The last rally of the year for our RV Club was planned for a near by state campground called The Lost Dutchman, in Apache Junction, less than two hours from here. It was booked for five nights and again, started out with around 25 campers that continued to dwindle down. We ended up with about 10 rigs, which considering everything, wasn't so bad.
Our first night in camp was absolutely lovely! Our RV Club hosts built a lovely campfire and we all gathered around to meet each other, chat for awhile and watch the sunset...and boy did it ever give us a show. As it began, it lit up the beautiful Superstition Mountains that was our wonderful backdrop at the campground, then continued along to color the sky with yellows, blues and reds. What a wonderful beginning to a nice outing!
The following day Jack and I decided to take a recommended drive to the nearby town of Tortilla Flat, while several others chose to hike up (at least partway) Superstition Mountain). The drive itself was really scenic, with a couple of great stops along the way, including a beautiful view of Canyon Lake.
Being Saturday, Tortilla Flat was hopping! Live music was playing, and the shops were bustling. I was even able to find the very last item on my shopping list...so all done for the year! Yea! The sun was shining and it was truly and beautiful day.
On our way back, we made a quick stop at the Superstition Mountain Museum across from the Goldfield Ghost Town in Apache Junction. Turned out they were having a small Vendor's Fair and had some "gun fights" entertainment going on. I met a fellow artist and we got to talking about her art and my photography and what it's like selling it vs offering it free, writing a blog, how we market ourselves, etc. I really enjoyed our talk and time together. It's one of the joys of travel, you meet some wonderful, interesting people.
It was a good thing we ventured out when we did, as the next couple of days turned a bit windy and cold. We all kind of hunkered down and pretty much stayed in. A coupled of the braver ones still hiked, I think, though. Sunday night, our friends Kayo and David joined Jack and I in going to Mesa to the Organ Stop Pizza. We had heard that it was really quite an entertaining adventure...and it sure was!
It's all about the Organ! Organ Stop’s Wurlitzer theatre organ was built for the Denver Theatre and was installed in 1927 and then after extensive renovations, was installed in this facility in 1975. The enlargement and improvement of this instrument has been an ongoing project… In 1997, a larger four manual console was added to the instrument. The new console is an exact replica of a “Fox Special” French case, ornamented to match the famous Brooklyn Paramount Wurlitzer. This is the largest console type ever designed and built by Wurlitzer. Through the years, several rare sets of pipes have been added to the organ, including a massive set of 32′ wood diaphones (visible from the front of the building). As of today, the organ has over 6000 pipes. The massive quantities of wind required for operation are provided by four huge turbine blowers (visible from the outside of the building in the blower complex). The resulting instrument boasts 82 ranks, 17 tuned percussions and innumberable traps and effects. It is not only the largest Wurlitzer theatre organ in the world, it’s the largest Theatre Pipe Organ of any type to ever be assembled!!!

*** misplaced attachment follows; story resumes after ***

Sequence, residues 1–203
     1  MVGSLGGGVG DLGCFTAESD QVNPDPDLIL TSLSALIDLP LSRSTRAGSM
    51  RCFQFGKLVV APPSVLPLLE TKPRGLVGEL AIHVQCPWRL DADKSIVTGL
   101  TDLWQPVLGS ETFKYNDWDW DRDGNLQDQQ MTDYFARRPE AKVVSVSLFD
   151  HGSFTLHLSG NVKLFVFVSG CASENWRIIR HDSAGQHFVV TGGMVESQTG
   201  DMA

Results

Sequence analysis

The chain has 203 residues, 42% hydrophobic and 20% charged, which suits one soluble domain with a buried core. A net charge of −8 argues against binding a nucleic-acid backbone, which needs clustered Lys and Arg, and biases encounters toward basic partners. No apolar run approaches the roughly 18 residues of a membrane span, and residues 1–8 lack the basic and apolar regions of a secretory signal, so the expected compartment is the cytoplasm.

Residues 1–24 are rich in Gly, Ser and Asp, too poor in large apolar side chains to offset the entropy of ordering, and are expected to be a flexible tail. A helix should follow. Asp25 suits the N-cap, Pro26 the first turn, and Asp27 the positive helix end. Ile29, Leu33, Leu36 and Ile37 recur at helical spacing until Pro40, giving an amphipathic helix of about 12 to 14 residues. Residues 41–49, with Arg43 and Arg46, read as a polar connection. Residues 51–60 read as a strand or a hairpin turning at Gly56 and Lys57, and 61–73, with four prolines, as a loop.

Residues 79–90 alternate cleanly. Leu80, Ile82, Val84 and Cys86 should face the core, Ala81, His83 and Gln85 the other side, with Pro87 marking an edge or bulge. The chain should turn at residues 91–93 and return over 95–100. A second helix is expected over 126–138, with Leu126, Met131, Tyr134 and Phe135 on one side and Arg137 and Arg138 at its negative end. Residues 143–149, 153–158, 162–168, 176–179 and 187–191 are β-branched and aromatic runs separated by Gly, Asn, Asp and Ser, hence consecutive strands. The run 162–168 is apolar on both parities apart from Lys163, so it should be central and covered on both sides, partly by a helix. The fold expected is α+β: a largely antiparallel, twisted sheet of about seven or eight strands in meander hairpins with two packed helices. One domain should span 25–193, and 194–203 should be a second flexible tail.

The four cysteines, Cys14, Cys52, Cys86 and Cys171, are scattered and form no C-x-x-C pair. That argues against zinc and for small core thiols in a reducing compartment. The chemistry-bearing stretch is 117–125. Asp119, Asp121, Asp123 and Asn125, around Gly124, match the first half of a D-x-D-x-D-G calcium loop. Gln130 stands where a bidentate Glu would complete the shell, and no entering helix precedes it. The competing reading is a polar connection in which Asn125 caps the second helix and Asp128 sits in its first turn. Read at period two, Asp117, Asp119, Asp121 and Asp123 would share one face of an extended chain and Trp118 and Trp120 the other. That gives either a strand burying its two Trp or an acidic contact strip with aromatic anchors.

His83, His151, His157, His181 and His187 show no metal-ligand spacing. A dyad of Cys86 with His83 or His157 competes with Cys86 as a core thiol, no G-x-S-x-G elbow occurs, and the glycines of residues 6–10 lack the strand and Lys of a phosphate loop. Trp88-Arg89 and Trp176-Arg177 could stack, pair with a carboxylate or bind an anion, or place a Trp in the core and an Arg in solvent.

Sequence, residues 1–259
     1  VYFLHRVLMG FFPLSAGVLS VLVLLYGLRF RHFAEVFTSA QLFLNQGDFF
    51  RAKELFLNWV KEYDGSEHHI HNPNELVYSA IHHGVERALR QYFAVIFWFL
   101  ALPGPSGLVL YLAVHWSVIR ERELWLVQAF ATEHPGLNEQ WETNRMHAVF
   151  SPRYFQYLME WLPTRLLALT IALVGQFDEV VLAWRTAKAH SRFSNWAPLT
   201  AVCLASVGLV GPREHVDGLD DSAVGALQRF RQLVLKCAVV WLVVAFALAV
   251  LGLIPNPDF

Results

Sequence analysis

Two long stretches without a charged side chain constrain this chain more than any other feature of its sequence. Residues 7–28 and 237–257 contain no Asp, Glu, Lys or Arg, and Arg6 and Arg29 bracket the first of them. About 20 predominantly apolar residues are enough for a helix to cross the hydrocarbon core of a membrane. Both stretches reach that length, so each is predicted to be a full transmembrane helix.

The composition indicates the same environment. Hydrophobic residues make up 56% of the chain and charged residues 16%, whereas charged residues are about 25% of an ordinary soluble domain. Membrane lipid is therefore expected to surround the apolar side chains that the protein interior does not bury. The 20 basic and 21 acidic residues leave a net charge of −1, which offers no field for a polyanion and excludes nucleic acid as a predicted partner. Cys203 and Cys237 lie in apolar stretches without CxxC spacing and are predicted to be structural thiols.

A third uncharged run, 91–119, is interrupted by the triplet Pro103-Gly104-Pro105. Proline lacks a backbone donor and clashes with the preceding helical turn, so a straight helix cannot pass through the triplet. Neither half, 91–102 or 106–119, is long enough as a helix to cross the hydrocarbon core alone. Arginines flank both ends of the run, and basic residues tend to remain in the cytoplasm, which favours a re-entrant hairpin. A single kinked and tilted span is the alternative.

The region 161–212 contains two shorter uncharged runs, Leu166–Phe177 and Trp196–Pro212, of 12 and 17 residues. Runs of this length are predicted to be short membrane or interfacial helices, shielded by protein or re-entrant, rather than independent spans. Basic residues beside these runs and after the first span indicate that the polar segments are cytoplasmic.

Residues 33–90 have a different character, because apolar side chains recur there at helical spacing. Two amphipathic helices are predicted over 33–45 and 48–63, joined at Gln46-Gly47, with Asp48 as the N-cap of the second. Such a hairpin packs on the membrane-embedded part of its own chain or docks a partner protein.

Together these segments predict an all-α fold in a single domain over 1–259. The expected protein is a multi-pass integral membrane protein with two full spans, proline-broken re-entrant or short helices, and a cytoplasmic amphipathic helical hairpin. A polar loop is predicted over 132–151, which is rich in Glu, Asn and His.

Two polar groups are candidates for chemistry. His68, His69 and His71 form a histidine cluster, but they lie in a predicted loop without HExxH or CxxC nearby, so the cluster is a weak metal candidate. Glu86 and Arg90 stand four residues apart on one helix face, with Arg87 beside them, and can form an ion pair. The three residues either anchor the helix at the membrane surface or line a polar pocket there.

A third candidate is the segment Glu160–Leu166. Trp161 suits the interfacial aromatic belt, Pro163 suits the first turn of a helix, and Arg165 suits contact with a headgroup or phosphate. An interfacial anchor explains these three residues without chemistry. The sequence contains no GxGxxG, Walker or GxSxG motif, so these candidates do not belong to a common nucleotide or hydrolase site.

And play it did! What a wonderful, entertaining evening we had! Everything from Phantom of the Opera to Christmas music was delightfully played...we were all mesmerized! The pizza wasn't bad either ;-)
The last night of our campout we hosted the "final campfire", enjoying tales of how everyone spent their time here...hiking, going to see Christmas lights, to Barleen's Dinner Theater and scenic drives. All in all, everyone seemed to have a great time and talked of when we can"all do it again!"
This will be our final camping trip for 2020...all that is left is to "sum it all up" for the year, of which I will in my next/last blog (of the year).
Until then, kicking back in Arizona, Marie
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